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Manufactured Home Safety

Overview: Manufactured homes are transportable structures that are fixed to a chassis and specifically designed to be towed to a residential site. They are not the same as modular or prefabricated homes, which are factory-built and then towed in sections to be installed at a permanent location. The federal government regulates the construction of manufactured housing. Since 1976, manufactured homes have been required to comply with U.S. Department of Housing and Urban Development (HUD) manufactured housing construction and safety standards, which cover a wide range of safety requirements, including fire safety. Post-1976 manufactured homes bear a label certifying compliance with these standards. The HUD standard has been enhanced over the years, and the HUD "Final Rule" for smoke alarms in manufactured homes is largely based upon NFPA 501. Today, new construction of manufactured housing is required to contain, among other provisions:

• Factory installed hard wired or 10 year battery source, interconnected smoke alarms with battery back-up (including alarms inside or immediately adjacent to all rooms designated as sleeping areas, top of the stairs and on the basement ceiling near the stairs); and
• Provisions for special devices for hearing and visually impaired persons.

NFPA's national fire data indicate that manufactured homes built to HUD standards (post-1976 construction) have a much lower risk of death and a significantly reduced risk of injury if fire occurs compared to pre-Standard manufactured homes. However, despite the federal requirements for factory-installed smoke alarms, 38 percent of 1999 fires in post-HUD Standard manufactured homes were reported as having no smoke alarms present. Since the homes are required to be sold with installed or readily installable smoke alarms, this suggests that detection devices are being removed by occupants. While manufactured homes are no more prone to fire than homes built on site, the manufactured home fire can be severe. All residential homes can be better protected utilizing built-in fire protection systems such as fire sprinklers. These not only save lives, but property as well. A fire in a home located in a rural area has a greater chance of becoming a “total loss fire” because of the increased amount of time needed for firefighters to reach the home. Lack of working smoke alarms is also a factor often noted in fatal manufactured home fires.

• Buying a manufactured home? Make sure it has working smoke alarms! 
• Two steps to having a safe manufactured home: 1: working smoke alarms, 2: have an escape plan.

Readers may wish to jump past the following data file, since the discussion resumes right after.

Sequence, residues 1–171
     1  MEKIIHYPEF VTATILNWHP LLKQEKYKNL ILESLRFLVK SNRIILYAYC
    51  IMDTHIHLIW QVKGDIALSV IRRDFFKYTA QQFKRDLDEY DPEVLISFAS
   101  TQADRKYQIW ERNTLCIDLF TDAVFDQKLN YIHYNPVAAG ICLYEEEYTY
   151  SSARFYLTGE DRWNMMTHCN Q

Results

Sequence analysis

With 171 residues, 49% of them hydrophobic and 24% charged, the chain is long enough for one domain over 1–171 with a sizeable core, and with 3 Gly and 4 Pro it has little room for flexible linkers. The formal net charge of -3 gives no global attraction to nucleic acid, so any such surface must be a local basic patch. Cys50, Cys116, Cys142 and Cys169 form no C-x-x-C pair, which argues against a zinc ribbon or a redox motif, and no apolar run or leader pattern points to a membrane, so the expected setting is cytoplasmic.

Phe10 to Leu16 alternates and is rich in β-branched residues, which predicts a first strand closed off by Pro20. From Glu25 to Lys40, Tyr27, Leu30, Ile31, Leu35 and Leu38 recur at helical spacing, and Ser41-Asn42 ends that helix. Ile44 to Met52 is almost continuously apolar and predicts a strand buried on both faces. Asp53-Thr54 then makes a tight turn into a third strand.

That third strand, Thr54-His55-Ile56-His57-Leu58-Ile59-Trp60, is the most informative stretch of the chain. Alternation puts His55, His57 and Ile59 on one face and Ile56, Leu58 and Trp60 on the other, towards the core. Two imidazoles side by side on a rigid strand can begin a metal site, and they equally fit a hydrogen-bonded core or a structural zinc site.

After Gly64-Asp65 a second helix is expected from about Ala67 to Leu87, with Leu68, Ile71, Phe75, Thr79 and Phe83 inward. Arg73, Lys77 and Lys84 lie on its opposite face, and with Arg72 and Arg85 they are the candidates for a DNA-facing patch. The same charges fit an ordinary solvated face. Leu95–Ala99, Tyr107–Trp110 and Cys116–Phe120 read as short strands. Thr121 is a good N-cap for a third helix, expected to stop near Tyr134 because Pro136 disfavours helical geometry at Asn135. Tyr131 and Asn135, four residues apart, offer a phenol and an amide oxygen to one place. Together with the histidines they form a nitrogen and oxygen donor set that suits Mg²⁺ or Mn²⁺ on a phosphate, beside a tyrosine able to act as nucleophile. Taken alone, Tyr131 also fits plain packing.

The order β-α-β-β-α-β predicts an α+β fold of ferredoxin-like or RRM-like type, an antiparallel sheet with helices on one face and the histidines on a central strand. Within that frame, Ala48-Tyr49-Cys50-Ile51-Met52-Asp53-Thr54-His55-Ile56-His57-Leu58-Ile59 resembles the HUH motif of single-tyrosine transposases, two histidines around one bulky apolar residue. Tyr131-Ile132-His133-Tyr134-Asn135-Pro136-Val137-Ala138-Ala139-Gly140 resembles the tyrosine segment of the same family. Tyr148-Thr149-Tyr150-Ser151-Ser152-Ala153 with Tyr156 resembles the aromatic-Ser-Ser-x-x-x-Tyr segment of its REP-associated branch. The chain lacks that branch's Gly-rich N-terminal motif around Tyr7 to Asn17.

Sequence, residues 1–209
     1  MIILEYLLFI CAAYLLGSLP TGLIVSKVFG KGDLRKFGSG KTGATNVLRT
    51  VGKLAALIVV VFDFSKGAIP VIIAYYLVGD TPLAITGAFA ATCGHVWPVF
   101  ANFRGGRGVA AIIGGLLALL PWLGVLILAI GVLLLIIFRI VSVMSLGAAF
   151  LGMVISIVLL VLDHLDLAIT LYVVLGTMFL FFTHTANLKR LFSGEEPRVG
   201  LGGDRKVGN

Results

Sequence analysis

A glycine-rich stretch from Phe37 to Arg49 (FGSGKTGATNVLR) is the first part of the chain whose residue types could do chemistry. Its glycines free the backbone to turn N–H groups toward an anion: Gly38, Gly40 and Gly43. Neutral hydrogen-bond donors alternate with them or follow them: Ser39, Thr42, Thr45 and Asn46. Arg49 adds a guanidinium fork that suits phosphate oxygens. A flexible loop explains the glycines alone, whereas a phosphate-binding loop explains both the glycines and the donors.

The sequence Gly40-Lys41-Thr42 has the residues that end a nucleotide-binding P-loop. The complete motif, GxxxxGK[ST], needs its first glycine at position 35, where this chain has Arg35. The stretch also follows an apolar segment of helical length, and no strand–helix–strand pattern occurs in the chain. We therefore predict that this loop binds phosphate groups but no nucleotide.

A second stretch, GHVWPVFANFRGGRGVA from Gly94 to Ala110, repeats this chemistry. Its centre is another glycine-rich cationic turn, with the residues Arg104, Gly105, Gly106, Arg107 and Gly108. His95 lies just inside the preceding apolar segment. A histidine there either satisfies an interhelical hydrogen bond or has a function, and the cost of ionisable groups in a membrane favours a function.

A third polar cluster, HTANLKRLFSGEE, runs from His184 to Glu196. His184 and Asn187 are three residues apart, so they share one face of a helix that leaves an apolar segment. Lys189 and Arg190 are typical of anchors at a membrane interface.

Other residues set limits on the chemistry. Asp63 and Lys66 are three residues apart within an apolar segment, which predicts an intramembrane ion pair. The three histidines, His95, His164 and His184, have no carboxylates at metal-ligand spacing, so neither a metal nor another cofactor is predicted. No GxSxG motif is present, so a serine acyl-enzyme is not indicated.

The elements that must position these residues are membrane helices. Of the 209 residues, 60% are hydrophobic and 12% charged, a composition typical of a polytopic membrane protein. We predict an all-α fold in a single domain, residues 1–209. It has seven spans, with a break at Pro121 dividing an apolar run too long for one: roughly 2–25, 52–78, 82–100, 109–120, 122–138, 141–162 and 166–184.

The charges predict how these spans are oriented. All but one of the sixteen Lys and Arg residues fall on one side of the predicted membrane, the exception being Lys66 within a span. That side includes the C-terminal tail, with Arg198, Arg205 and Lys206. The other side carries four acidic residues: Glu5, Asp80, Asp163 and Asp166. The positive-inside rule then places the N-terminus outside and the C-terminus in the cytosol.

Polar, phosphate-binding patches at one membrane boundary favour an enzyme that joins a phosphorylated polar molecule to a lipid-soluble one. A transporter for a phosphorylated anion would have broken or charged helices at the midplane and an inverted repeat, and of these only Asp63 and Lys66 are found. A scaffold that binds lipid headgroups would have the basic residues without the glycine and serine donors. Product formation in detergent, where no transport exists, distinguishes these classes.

• If using space heaters in a manufactured home, make sure they are 3 feet away from anything that can burn! • When buying a manufactured home, make sure you are buying a HUD-certified home. This means the home was built after 1976 and bears the HUD label certifying compliance with safety standards.
• Always make sure your manufactured home has working smoke alarms in every sleeping area.
• Plan your escape! Know ahead of time how you will get out if you have a fire in your manufactured home. Develop an escape plan and have an alternate exit out of every room.
• Please follow these safety tips when considering a manufactured home:
• Choose a manufactured home built after June 15, 1976, that has the U.S. Department of Housing and Urban Development (HUD) label certifying that the home meets the minimum safety standards.
• Keep gasoline, charcoal lighter and other flammable liquids locked in an outdoor shed. Never store items under your manufactured home. Store firewood away from the home.
• Install skirting material to keep leaves and other debris and combustible items from blowing under your manufactured home where it could easily catch fire and spread into the home.
• Be sure your manufactured home has enough smoke alarms. If your home does not have smoke alarms in or near every sleeping room and in or near the family/living area(s), immediately install new alarms and fresh batteries to protect these rooms. For the best protection, interconnect all smoke alarms throughout the home. When one sounds, they all sound.
• Have a home fire escape plan that includes two ways out of every room and an outside meeting place. Make sure all ways out of the home are cleared of clutter and easy to use. Practice your fire escape plan at least twice a year.
• If smoke alarms sound when cooking, consider moving the alarm further from the kitchen area or install a photoelectric type alarm which is less sensitive to cooking.
• Consider having a licensed electrician inspect the electrical system in your manufactured home to be sure it is safe and meets applicable National Electrical Code® requirements.
• Never add too many plugs to outlets, extension cords or electrical circuits. If the circuit breaker trips or fuses blow, call a licensed electrician to check your system.
• Have smokers smoke outside the home. Provide large, non-tip ashtrays and empty them frequently. Douse butts with water before throwing them away.
• Do not smoke in bed or in a chair in which you are prone to fall asleep.
• Keep space heaters and candles at least three feet away from anything that can burn. Turn off portable space heaters and blow out candles before falling asleep or when leaving a room.  When considering a new manufactured home, ask if residential sprinklers are available as an option.

Contact Us

Fire Code Enforcement
120 Gary Wade Blvd.
Sevierville, TN 37862
Fax 865.453.5518

Office Hours:
Monday - Friday
8:00am - 5:00pm

Fire Marshal JC Green
Office 865.868.1709